Here’s who is eligible for a free NHS flu jab this year - and when it will be available

Thursday, 27th August 2020, 12:33 pm
Updated Thursday, 27th August 2020, 12:33 pm
The best time to have a flu vaccine is in the autumn before flu starts circulating (Photo: Shutterstock)

The government wants to increase the number of people receiving the flu vaccination this year amid fears coronavirus cases could coincide with cold and flu season.

In July, plans were announced to double the amount of people who receive the flu jab, from 15 million to 30 million.

Here’s how to book a free flu vaccination this year - and who is eligible.

Who is eligible for the flu jab?

If suitable, anyone can get the flu jab, but some may have to pay to get it privately, whereas people of a certain age, those with certain medical conditions, and frontline or social care workers are offered it for free on the NHS.

This year the flu vaccine is being offered on the NHS to:

  • adults 65 and over
  • people with certain medical conditions (including children in at-risk groups from 6 months of age)
  • pregnant women
  • people living with someone who's at high risk from coronavirus (on the NHS shielded patient list)
  • children aged 2 and 3 on 31 August 2020
  • children in primary school
  • children in year 7 (secondary school)
  • frontline health or social care workers

The NHS explains that just those who are at particular risk of problems if they catch flu need a vaccine.

Some pharmacies also offer free NHS flu vaccination to adults and social care workers in the categories listed above, but they do not offer this service for children.

You should also have the flu vaccine if you're a healthcare or social care worker who is directly involved in patient care.

You may also be able to have the flu vaccine at the GP surgery or a local pharmacy offering the service if you're a frontline health or social care worker employed by a:

  • registered residential care or nursing home
  • registered homecare organisation
  • hospice

You can also have the flu vaccine if you provide health or social care through Direct Payments (personal budgets) or Personal Health Budgets (such as Personal Assistants) or both.

The NHS notes, “Later in the year, the flu vaccine may be given to people aged 50 to 64. More information will be available later in the autumn.

“However, if you're aged 50 to 64 and in an at-risk group, you should not delay having your flu vaccine.”

What if I live with someone on the shielded patient list?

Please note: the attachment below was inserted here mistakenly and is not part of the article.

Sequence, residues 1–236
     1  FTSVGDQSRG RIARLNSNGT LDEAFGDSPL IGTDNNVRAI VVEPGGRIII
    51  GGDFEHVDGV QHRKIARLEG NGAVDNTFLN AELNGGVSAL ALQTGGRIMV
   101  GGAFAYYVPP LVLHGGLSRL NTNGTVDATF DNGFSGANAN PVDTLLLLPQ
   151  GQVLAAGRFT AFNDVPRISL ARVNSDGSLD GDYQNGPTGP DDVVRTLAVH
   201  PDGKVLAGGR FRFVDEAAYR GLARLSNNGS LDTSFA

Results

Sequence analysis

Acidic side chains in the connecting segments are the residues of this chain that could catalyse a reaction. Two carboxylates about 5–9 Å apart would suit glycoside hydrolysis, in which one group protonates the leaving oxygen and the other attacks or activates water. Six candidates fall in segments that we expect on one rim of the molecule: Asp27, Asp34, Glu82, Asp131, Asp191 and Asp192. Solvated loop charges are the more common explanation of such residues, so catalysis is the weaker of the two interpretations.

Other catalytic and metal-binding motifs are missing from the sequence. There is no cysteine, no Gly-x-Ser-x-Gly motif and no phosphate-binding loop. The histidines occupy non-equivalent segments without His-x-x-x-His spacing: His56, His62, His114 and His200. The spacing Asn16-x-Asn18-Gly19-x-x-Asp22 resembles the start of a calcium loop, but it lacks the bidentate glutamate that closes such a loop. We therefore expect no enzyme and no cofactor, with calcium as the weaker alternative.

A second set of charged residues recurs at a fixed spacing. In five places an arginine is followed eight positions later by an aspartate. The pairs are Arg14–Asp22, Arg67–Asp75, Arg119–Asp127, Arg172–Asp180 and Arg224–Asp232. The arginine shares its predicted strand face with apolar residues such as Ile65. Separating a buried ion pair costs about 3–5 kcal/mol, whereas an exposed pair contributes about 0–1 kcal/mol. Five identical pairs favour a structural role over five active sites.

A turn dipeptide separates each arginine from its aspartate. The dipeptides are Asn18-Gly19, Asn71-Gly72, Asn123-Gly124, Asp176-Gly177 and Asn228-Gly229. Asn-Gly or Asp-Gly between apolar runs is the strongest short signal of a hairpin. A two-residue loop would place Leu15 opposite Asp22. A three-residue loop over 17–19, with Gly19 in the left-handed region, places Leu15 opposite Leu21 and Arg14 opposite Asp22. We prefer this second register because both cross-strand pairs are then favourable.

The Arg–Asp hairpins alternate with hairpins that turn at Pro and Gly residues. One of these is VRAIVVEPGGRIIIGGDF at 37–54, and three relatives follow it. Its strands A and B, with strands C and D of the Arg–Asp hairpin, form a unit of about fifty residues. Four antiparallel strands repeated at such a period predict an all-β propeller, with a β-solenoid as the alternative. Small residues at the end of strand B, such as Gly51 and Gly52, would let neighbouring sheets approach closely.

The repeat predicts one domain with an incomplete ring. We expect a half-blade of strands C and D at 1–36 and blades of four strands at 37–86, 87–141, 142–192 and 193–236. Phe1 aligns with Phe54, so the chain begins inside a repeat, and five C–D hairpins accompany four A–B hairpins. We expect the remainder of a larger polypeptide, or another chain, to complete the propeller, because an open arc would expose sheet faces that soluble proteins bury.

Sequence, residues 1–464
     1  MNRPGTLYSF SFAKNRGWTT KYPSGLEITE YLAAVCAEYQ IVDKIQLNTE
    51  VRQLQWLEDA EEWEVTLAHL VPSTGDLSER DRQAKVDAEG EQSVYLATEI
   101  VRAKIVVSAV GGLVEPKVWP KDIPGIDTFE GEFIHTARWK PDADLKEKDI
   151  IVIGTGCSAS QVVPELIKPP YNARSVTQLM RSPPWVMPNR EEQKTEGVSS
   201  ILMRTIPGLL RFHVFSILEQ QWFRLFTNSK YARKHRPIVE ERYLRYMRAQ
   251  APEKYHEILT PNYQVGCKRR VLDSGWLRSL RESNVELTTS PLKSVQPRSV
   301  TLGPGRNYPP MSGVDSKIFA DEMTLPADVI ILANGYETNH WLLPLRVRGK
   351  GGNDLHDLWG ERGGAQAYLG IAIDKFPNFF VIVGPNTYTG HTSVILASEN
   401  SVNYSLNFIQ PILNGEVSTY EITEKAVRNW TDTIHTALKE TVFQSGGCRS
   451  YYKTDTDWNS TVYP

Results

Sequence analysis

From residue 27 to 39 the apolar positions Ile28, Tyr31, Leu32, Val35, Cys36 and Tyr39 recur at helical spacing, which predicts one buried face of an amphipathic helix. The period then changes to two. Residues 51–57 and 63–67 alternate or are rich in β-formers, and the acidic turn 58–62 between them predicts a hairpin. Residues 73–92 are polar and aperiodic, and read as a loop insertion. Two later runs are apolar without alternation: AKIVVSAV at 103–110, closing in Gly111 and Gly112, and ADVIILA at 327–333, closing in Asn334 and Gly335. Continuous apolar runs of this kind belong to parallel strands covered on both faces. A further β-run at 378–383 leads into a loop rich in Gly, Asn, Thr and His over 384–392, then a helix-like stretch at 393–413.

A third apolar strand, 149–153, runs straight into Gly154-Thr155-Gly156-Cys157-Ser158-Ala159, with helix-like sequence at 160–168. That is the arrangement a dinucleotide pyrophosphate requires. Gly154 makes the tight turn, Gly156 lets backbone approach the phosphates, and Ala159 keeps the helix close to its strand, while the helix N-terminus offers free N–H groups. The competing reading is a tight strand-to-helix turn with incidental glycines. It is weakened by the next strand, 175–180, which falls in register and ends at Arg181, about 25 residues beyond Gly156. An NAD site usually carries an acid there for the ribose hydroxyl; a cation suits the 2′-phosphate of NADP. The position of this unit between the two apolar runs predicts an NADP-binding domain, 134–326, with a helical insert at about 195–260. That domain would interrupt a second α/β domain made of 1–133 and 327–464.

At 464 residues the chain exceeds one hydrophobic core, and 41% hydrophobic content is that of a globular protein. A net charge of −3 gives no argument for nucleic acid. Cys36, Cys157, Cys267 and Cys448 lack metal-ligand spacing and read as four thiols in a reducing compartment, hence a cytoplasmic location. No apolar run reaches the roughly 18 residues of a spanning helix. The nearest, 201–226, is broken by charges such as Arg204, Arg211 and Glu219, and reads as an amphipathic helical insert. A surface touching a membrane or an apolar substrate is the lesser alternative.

The NHS wants to keep those who are most vulnerable to Covid-19 well this winter and does not want them to catch flu.

Therefore, if you live with someone who's on the NHS shielded patient list, or you expect to be with them on most days over winter, then you should ask for a free flu vaccine.

Can I get the flu vaccine privately?

Adults who are not eligible for a flu vaccine on the NHS can pay for a flu vaccine privately.

The flu vaccine may be available from pharmacies or in supermarkets and is provided on a private patient basis. The vaccine can cost up to £20.

Is there anyone who should not have the vaccine?

The NHS explains that most adults can have the injected flu vaccine, but you should avoid it if you have had a serious allergic reaction to a vaccine in the past.

Where can I get the flu vaccine?

You can have your NHS flu vaccine at:

  • your GP surgery
  • a local pharmacy offering the service
  • your midwifery service if they offer it for pregnant women

Some community pharmacies now offer flu vaccination to adults (but not children) at risk from flu, including pregnant women, people aged 65 and over, people with long-term health conditions and carers.

If you have your flu vaccine at a pharmacy, you do not have to inform a GP, it’s up to the pharmacist to do that.

When is the best time to get the flu jab and when will it be available?

The best time to have a flu vaccine is in the autumn before flu starts circulating, but even if it's later, it's always worth getting vaccinated. Ask the GP or pharmacist for more information.

“Flu circulates every winter and generally peaks in December and January,” the NHS website says.

In February each year, the World Health Organization (WHO) assesses the strains of flu virus that are most likely to be circulating in the northern hemisphere over the following winter and then recommends which flu strains the vaccines should contain for the forthcoming winter.

The vaccine is usually available in the UK from September, however, this can vary between doctors surgeries or pharmacies.

How can I book my flu jab?

To book your NHS flu jab you can ring your doctor’s surgery to be booked in for an appointment.

Those who are eligible for a flu jab on the NHS may receive a letter or a phone call to remind them to book in for their flu jab.

Alternatively, you can book your flu jab at your local pharmacy or some may offer walk-in appointments.